Older Transplant Patients Getting Second Chance at Life

May 9, 2012 | Crandall & Pera Law
Older Transplant Patients Getting Second Chance at Life

More patients over the age of 65 are being considered for heart transplants, patients who would have been routinely rejected just ten years ago, according to The New York Times.

Thanks to voluntary guidelines issued by the International Society for Heart and Lung Transplantation in 2006, hospitals are opening up their transplant candidacy to older people with otherwise overall good health, with some centers like the Cleveland Clinic and Johns Hopkins Medicine operating on patients in their early or even middle 70s.

“Many of these older patients can transition to an even older age while maintaining a very good quality of life. Why would we deny someone that opportunity?” said Dr. Mandeep Mehra, executive director of the Center for Advanced Heart Disease at Brigham and Women’s Hospital in Boston and chairman of the committee that drew up the new guidelines.

Some transplant centers still do not want to risk such operations, though, even when statistics show insubstantial differences in survival rates based on age. There remains hearty debate that scarce organs should be allocated to young people, while seniors are placed on alternative lists to receive hearts from older donors that are not viable for younger patients. Read the complete details here:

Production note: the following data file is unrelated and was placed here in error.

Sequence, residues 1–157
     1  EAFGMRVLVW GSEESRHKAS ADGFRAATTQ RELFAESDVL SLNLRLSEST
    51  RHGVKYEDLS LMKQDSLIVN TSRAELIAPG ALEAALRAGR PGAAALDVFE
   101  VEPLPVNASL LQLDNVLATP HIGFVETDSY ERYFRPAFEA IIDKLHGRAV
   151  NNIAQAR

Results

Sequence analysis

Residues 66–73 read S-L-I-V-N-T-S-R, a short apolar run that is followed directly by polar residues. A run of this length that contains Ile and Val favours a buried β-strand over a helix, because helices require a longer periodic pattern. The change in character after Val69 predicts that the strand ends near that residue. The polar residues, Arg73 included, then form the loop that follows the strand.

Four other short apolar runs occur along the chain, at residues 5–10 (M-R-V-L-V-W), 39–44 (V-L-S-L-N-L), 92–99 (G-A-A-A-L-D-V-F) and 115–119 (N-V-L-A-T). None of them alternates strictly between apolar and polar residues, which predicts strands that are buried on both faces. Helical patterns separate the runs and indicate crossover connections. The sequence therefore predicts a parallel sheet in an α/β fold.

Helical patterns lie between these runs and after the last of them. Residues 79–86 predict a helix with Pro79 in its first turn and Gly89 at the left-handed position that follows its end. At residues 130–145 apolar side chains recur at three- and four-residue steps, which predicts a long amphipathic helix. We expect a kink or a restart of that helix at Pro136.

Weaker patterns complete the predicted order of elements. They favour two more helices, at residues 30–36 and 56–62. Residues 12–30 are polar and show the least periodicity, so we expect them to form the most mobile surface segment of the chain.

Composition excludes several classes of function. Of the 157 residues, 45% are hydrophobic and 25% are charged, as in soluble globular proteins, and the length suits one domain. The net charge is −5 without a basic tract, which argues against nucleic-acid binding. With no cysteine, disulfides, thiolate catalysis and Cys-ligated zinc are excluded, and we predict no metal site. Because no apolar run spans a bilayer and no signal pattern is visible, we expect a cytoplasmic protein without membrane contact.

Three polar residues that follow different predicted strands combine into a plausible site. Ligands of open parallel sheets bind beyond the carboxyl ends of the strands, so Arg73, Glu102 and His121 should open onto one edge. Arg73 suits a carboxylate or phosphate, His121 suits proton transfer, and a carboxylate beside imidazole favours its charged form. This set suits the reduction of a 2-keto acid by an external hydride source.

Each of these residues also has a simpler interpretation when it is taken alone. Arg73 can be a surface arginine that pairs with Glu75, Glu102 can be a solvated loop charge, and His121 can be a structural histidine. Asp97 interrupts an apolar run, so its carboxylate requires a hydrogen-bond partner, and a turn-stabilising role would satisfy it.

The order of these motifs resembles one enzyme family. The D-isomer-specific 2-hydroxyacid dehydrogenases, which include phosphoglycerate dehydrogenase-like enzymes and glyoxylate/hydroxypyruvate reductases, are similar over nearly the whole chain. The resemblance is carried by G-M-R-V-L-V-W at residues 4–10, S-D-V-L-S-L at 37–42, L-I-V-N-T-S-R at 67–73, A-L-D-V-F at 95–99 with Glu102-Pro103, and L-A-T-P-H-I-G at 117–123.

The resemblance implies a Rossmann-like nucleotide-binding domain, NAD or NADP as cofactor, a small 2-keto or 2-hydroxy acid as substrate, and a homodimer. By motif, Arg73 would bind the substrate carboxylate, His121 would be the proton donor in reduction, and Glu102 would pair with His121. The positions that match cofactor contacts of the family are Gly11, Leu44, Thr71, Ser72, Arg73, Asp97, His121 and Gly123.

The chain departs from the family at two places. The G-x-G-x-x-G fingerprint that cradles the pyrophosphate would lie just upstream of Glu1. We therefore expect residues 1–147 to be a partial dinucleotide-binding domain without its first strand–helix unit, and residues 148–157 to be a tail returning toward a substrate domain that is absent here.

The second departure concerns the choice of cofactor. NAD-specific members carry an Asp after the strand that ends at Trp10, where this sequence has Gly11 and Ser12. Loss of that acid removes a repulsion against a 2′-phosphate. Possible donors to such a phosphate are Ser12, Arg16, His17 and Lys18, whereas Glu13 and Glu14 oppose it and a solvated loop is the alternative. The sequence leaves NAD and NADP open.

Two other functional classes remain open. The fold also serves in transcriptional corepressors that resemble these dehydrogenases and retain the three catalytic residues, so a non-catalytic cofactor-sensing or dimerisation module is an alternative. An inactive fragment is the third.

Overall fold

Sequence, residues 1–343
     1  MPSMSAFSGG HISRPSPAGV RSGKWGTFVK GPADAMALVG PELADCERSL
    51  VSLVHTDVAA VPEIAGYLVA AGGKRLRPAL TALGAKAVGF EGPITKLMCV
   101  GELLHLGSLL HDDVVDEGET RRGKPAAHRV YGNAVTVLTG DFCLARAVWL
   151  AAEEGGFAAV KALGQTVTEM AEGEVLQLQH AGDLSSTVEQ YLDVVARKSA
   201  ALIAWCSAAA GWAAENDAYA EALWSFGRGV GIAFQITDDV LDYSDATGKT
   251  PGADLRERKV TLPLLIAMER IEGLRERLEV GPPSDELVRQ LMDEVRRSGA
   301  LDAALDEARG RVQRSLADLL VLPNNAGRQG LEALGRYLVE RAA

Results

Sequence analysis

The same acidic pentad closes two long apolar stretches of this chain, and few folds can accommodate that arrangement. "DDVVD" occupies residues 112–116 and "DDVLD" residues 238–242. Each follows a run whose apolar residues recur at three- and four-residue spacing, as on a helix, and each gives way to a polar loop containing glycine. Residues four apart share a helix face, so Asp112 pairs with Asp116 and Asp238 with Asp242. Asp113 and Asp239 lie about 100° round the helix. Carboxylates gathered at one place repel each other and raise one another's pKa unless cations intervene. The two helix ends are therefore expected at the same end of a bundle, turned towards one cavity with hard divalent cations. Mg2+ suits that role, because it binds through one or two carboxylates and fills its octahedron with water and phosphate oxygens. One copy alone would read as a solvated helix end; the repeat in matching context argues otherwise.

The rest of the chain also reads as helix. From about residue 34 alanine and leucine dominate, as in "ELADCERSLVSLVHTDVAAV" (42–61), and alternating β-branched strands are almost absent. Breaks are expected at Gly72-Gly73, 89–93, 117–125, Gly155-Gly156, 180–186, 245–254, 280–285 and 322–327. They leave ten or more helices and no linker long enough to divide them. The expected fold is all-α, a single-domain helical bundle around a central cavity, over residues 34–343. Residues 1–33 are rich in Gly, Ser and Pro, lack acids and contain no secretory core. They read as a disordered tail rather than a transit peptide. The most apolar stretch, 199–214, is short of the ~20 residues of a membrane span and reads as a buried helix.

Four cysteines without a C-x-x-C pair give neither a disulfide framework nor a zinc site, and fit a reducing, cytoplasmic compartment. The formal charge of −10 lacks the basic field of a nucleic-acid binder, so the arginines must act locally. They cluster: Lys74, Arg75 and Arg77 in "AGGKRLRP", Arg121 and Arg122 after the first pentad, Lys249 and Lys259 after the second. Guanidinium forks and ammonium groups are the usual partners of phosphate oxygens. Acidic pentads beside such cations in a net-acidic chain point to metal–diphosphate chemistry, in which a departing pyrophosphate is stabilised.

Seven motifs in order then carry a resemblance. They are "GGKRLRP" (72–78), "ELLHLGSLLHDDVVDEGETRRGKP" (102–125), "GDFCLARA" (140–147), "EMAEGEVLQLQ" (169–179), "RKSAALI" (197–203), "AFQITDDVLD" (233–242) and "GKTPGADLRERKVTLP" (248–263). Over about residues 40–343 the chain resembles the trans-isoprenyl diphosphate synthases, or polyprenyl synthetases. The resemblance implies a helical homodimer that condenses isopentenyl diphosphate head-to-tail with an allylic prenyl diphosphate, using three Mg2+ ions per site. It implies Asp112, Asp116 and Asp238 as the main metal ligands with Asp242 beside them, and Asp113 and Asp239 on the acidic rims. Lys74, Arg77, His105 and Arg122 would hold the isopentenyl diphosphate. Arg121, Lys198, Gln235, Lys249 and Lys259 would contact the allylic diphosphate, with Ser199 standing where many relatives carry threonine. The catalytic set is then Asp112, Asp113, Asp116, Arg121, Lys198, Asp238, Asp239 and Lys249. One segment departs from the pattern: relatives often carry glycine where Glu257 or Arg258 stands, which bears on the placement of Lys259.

Heart Transplants for Older Patients

Steve Crandall, a top rated medical malpractice lawyer in Ohio and Kentucky, believes that allowing older patients to receive heart transplants is a great reward to those who take care of themselves throughout their lifetime, allowing them the chance to continue this lifestyle with even more health and vigor.

He also believes we all need to look at the bigger picture when it comes to this issue: “It is a great message for all of us to live healthy now, so we can continue to do so in the future.”

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